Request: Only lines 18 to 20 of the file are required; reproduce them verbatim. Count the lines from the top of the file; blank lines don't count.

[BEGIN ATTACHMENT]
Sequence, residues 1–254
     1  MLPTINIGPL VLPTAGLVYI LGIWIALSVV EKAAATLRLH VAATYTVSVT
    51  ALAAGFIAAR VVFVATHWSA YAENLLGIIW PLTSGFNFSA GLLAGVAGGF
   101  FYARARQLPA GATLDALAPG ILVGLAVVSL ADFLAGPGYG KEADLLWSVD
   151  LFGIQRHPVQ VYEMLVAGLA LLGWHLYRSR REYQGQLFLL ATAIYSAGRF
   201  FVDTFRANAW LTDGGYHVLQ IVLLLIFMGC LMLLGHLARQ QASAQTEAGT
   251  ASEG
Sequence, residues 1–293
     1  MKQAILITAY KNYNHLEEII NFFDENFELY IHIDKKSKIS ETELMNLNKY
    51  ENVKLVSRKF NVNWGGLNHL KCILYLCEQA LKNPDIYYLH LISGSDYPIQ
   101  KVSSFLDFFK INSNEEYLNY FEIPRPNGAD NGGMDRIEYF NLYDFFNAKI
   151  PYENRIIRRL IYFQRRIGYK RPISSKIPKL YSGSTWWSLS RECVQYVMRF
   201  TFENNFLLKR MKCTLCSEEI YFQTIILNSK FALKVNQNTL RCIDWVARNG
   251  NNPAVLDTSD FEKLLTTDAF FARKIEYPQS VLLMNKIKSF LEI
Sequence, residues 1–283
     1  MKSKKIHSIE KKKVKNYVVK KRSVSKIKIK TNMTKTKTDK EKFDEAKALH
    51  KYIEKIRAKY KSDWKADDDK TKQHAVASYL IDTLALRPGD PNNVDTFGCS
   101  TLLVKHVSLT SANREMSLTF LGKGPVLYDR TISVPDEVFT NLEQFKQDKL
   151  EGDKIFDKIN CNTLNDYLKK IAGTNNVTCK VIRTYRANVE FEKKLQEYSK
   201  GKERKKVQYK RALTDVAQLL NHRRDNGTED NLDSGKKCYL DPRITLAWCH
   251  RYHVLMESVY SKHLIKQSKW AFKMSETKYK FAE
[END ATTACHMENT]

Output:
   101  TLLVKHVSLT SANREMSLTF LGKGPVLYDR TISVPDEVFT NLEQFKQDKL
   151  EGDKIFDKIN CNTLNDYLKK IAGTNNVTCK VIRTYRANVE FEKKLQEYSK
   201  GKERKKVQYK RALTDVAQLL NHRRDNGTED NLDSGKKCYL DPRITLAWCH